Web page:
***At IBM Burlington, they create what is known as "ultra-pure water" which is hundreds of times cleaner than distilled or purified water. They use complex filtration systems to remove every molecule from water so that the pure water can pull microscopic particles from microchips. The smaller the chip, the more pure the water must be. It is very expensive to create, and in fact, would be dangerous to drink in large quantities. Water is such a good solvent, its molecules are filled with all kinds of minerals, etc. If you remove the minerals, etc. it will try to pull molecules out of anything it comes in contact with, including the nutrients in our body.
***Celebrity Cruise ships have a huge ice expense to create enough ice to cool all of the food/beverages on a typical cruise. One way they have reduced the cost is to no longer use ice, but to cool rocks that retain temperature well enough to cool the food.
***The author details an economic model for water designed by Mike Young to better allocate water resources. In the shape of a water glass, each layer of water is designated for a particular purpose. The first layer is “maintenance water” that is just enough necessary to maintain the environmental system. This is already a problem in many rivers where dams have to be built to keep ocean water from heading back up dry river beds. The second layer of water is “critical human needs” such as drinking, bathing, and basic water services. These two layers are guaranteed, but the next two layers are determined by economics. The first is the high security layer, which demands a high premium cost, and the second is low security, which costs less. Then it becomes a risk calculation process about how much you want to invest in water and whether you want to take the risk that your water layer might run out. If water runs low, the low security customers lose it first, then high security. (less)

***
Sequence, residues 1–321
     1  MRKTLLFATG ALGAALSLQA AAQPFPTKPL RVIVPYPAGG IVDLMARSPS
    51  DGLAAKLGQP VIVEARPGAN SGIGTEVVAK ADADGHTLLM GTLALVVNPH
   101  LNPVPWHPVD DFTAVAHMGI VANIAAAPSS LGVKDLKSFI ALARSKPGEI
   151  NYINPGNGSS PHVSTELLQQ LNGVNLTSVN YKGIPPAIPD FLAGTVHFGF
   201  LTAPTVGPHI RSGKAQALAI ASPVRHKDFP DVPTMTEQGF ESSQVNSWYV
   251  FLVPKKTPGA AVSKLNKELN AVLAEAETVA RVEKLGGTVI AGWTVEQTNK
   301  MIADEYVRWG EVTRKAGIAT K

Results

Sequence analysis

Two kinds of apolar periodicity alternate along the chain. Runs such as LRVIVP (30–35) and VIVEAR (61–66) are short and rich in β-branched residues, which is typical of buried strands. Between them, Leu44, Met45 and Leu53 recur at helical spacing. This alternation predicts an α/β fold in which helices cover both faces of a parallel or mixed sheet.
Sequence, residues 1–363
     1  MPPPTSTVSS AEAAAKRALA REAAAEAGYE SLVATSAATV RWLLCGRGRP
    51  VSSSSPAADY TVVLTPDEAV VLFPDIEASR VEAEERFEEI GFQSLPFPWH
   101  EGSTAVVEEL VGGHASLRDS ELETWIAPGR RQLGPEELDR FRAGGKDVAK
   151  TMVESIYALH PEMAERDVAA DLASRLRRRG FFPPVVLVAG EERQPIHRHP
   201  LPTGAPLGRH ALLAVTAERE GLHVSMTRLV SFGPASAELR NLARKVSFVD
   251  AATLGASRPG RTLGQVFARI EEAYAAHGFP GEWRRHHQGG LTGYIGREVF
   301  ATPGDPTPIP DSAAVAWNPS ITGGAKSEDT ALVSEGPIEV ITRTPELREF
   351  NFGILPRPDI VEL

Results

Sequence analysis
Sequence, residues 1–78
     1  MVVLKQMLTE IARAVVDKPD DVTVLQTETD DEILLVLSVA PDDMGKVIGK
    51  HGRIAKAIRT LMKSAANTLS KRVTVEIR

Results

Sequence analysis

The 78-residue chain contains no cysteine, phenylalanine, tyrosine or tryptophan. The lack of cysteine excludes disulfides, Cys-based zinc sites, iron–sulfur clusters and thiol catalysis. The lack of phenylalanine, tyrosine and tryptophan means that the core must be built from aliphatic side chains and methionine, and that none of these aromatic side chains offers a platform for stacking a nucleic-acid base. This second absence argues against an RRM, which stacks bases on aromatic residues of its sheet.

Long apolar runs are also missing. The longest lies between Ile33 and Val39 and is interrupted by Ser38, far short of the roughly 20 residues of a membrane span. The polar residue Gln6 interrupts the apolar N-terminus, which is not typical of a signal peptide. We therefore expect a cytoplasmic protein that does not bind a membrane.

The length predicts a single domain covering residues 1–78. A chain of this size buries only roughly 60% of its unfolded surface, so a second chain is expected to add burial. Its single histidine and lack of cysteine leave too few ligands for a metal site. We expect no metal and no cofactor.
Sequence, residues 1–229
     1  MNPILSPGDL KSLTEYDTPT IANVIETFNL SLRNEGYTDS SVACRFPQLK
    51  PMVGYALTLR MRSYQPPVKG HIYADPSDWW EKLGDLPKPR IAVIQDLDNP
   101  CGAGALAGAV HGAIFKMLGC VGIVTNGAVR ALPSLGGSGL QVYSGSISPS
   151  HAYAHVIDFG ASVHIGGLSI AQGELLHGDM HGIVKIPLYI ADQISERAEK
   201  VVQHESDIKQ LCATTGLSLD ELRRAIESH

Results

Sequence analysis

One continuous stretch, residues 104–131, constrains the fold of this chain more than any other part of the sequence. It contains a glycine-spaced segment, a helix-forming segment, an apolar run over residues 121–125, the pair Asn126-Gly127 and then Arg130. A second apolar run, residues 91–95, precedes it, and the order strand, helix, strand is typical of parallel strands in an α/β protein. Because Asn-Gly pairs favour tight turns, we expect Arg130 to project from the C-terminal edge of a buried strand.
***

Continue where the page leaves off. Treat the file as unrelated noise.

**spoiler alert** MY SUMMARY AND NOTES: The authors replicated Mischel’s marshmallow study and taught some participants to use distraction and distanc...more**spoiler alert** MY SUMMARY AND NOTES: The authors replicated Mischel’s marshmallow study and taught some participants to use distraction and distance techniques and showed that self regulation scores changed tremendously. They have footage of their experiments on changeanything.com/exclusive website.
***The authors argue that there are six sources of influence: 1. Personal motivation – interrupt your impulses by connecting actions to goals during crucial moments. 2. Personal ability – learn new skills to change persistent and resistant habits 3. Social motivation – if those around us model and encourage bad habits we are likely to maintain them; turn accomplices into friends 4. Social ability – deeply entrenched habits require real support from others (e.g., a coach). 5. Structural motivation – Make use of things; directly link short-term rewards and punishments to new habits 6. Structural ability – small changes in your environment can have a surprising effect on your choices; add a few visual cues that help you focus on your goals
***Social science of personal change: 1. Identify crucial moments – focus on the handful of moments when you’re most at risk; where do you face the most temptation 2. Create vital behaviors – create rules to follow when temptation pays you a visit (e.g., implementation intentions and contingencies for when you fail). 3. Engage all six sources of influence 4. Turn bad days into good data – use failure as a learning experience – note what happens when you fail and adjust methods accordingly (START TAKING NOTES).